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Child expert Dr Kathy Weston gives some advice on how working parents can help support their children with return to school anxiety.
A recent report featured by the BBC highlighted a study from the University of Bristol which found that ‘teen anxiety dropped during lockdown in the UK’. This raises the question of how much school contributes to child anxiety and how can parents best address this issue?
Leading family law firm Rayden Solicitors, specialists in child arrangements and regular commentators on the effects of divorce on children, have teamed up with the respected expert in child issues and parenting strategies, Dr Kathy Weston, to provide insights on causes and solutions to childhood anxiety.
The partnership are set to host a Q&A session and free webinar – The Resilient Family: In the Thick of it Post Lockdown – which addresses the issues parents face with childhood anxiety and how this can be managed; a topic that is more relevant now than ever, with children starting the school year after a spell away from school during lockdown and the summer break.
More information on ‘The Resilient Family: In the Thick of it Post Lockdown’ webinar on 24th September can be found here.
Dr Kathy Weston provides expert insight into the topic below.
The start of the school term is anxiety-inducing for just about everyone. Parents are concerned about the amount of organisation required to get their children school-ready and worry about their children’s emotional transition into school too. Will they make friends? Will they get along with the teachers? Will they settle into the new routines easily? Children and young people tend to worry about the little rather than the bigger things.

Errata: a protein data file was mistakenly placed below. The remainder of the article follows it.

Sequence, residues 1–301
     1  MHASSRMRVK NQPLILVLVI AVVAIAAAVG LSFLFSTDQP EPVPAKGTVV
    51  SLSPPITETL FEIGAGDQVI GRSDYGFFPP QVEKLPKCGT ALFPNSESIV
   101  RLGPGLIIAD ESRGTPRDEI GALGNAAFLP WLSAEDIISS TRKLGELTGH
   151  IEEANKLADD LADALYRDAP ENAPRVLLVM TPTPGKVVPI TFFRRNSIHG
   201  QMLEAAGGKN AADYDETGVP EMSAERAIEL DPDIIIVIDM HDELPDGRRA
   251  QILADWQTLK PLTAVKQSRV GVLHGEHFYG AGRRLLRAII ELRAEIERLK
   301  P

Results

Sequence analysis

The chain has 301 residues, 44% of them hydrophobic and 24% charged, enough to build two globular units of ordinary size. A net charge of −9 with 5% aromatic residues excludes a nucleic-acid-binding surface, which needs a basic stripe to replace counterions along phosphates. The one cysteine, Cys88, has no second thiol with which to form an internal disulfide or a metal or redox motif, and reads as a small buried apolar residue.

Getting lost around the school is a top worry for younger children whilst older children may worry more about volume of homework, academic expectations and reigniting social connections after a summer hiatus. Transition or change of any kind can be anxiety-inducing because it features a lot of ‘unknowns’ or things that feel largely out of our control.
What can parents do during a period of transition to alleviate worries and also to boost their children emotional resilience?
First of all, try and help your children feel ‘anchored’ in what is familiar and what stays the same. Before listing a million things that might be different this term, focus on all the things that will stay exactly as they are. This might mean an emphasis on home routines, friendships, the same teacher that they had last year teaching them, little routines and habits created in family life that stay consistent.
Remind your children that they are resilient and see them as such. Recognise how well they have coped and adapted to the unprecedented challenges of summer 2020 and emphasise how proud you are of them. Critically, help your child reflect on their own personal resilience. In doing so, they might be able to articulate how they managed to cope in particular scenarios and how that experience might be applied to this new period of change. Reflection breeds resilience.